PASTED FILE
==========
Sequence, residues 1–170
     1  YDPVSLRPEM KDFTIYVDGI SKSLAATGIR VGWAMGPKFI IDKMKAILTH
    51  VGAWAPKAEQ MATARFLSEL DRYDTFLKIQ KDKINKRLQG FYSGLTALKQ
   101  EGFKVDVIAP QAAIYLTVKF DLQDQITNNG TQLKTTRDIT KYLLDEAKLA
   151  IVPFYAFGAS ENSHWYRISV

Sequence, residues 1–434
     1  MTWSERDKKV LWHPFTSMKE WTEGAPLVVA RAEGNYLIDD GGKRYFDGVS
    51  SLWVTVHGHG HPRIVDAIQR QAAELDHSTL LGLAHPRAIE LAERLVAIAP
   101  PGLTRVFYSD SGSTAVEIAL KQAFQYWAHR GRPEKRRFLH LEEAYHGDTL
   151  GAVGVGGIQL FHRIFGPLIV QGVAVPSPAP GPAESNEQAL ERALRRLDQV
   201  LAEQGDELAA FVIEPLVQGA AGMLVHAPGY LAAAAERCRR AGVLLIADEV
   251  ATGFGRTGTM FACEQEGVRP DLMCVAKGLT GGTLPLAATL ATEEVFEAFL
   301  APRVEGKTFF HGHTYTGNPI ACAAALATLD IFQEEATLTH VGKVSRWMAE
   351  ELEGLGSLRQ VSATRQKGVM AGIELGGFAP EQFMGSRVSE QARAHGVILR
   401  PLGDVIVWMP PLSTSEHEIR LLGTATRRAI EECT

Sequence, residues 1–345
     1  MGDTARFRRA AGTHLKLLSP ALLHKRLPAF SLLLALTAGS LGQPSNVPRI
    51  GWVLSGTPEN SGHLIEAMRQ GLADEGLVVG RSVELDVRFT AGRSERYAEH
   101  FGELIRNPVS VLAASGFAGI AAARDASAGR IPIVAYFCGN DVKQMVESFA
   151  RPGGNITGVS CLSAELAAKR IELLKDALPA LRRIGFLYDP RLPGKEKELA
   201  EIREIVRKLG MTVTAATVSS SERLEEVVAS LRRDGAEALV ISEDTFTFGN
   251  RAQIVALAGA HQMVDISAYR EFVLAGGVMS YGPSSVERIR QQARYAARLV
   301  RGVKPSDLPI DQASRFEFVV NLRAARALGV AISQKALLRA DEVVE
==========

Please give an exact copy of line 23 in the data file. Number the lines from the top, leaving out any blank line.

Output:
   301  RGVKPSDLPI DQASRFEFVV NLRAARALGV AISQKALLRA DEVVE